|March 24, 2014|
Previously published on March 21, 2014
Democratic and Republican leaders in both the House and the Senate had negotiated a permanent repeal of the broken Medicare Sustainable Growth Rate Formula (SGR). The current SGR has required Congress to step in with annual "doc fixes" to avoid physicians seeing draconian cuts in Medicare re-imbursement payments.
The deal would eliminate the SGR and replace it with a new formula that would drive physicians to meet quality metrics tied to their payments. The goal is to pay providers for treating a person’s disease or illness instead of focusing on the quantity of the tests or treatments they prescribed.
While agreeing on the policy fix, the two sides could not, however, agree on how to pay for the permanent repeal - something that carries a $138 billion plan. Despite the failure to come to a bipartisan agreement, the House moved forward last Friday - before leaving for recess - with a vote on an SGR repeal that was paid for by a five-year delay of the Affordable Care Act's individual mandate.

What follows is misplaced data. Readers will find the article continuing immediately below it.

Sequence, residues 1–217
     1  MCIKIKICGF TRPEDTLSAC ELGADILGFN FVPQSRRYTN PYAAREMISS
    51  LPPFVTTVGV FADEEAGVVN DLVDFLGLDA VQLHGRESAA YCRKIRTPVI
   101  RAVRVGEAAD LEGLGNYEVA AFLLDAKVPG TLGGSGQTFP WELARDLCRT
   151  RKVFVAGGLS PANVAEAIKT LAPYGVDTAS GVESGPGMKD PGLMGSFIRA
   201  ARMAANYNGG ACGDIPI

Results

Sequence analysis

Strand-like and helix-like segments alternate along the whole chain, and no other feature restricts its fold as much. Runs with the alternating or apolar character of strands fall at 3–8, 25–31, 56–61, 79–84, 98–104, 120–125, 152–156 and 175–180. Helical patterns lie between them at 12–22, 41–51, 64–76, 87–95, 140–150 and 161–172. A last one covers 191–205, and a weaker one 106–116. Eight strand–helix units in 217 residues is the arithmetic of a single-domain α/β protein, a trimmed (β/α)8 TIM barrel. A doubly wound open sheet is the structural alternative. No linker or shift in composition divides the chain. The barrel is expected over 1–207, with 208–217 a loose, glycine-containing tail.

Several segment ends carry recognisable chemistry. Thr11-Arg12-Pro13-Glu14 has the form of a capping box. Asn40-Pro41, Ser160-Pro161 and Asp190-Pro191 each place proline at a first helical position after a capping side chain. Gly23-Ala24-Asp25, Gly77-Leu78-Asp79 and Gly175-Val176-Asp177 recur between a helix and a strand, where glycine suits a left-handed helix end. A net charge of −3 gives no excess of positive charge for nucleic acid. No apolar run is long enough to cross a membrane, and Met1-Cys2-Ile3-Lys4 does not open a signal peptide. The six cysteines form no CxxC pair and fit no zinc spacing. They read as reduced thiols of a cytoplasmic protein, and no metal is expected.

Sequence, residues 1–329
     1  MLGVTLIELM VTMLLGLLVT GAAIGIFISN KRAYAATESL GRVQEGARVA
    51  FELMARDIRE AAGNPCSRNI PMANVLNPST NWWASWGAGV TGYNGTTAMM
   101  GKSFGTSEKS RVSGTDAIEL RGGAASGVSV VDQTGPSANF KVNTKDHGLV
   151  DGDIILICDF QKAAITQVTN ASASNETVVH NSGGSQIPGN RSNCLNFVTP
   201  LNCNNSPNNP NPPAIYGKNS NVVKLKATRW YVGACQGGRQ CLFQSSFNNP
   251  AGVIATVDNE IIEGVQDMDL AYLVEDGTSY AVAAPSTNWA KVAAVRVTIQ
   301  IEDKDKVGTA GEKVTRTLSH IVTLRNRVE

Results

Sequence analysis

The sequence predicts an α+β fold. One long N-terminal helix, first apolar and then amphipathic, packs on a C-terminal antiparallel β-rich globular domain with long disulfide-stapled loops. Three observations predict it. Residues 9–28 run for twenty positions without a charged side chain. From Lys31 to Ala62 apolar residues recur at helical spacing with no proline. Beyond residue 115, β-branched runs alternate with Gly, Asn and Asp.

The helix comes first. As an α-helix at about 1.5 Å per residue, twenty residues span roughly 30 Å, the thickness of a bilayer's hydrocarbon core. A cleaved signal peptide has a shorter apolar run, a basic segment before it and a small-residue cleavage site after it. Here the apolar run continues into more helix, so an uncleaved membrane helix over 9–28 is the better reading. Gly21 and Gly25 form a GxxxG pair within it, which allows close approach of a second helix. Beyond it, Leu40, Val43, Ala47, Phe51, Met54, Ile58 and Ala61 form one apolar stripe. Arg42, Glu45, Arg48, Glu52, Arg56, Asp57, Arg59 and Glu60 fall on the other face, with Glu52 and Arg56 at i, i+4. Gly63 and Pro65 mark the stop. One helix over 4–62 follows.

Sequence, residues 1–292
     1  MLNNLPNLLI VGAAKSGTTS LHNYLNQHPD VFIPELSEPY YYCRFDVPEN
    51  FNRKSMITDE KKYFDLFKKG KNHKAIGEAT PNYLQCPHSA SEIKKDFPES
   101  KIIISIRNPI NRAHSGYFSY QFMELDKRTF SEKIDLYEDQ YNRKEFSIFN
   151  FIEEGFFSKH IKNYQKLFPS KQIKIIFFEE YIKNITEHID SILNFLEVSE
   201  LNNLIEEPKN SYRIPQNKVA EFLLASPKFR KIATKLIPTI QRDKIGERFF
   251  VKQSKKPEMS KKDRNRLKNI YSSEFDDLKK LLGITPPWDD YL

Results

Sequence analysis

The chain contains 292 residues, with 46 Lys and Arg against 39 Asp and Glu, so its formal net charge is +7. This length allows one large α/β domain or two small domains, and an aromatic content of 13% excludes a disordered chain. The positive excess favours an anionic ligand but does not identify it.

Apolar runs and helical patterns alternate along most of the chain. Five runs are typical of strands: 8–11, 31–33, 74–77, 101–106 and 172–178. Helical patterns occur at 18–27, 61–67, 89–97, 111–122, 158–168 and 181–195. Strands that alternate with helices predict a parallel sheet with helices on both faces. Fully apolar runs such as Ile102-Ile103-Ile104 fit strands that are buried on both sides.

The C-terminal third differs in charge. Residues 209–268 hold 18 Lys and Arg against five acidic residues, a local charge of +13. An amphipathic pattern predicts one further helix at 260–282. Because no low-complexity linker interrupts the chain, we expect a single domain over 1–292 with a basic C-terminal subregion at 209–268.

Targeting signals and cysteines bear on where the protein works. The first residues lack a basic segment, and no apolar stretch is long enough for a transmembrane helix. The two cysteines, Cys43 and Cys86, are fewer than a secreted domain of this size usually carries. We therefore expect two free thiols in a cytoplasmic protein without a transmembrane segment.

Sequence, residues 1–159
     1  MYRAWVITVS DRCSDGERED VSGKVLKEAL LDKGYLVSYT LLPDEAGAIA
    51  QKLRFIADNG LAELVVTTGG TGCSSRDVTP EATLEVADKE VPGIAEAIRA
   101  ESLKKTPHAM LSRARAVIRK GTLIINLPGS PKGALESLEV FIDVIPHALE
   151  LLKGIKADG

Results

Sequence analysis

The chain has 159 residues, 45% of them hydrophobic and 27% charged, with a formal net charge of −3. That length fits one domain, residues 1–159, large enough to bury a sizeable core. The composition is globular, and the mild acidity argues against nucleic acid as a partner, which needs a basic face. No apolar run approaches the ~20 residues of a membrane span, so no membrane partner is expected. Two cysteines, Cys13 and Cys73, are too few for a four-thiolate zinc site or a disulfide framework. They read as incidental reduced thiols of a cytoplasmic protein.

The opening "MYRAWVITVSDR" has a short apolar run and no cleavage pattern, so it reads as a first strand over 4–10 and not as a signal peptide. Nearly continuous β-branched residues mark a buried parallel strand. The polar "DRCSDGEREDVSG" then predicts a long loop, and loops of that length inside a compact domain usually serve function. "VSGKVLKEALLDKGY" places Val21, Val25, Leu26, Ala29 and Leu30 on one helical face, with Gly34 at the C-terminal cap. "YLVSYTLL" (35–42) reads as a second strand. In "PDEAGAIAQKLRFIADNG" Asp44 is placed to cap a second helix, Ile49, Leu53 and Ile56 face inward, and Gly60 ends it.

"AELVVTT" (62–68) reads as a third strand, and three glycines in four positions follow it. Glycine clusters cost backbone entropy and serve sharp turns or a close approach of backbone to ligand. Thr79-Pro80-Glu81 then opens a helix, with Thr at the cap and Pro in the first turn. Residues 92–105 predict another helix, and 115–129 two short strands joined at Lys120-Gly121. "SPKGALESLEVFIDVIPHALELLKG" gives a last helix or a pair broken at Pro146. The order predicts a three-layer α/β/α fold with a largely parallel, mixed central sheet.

While the bill passed the House, with 12 Democrats breaking ranks to vote for it, it is dead on arrival in the Democratic controlled Senate and President Obama has vowed to veto the bill if it arrived on his desk in its current form.
Congress intends to pass another short-term "doc fix" instead of the long-term solution physicians have been seeking for years. Lawmakers must act by March 31 to avert an automatic cut to Medicare physicians' pay.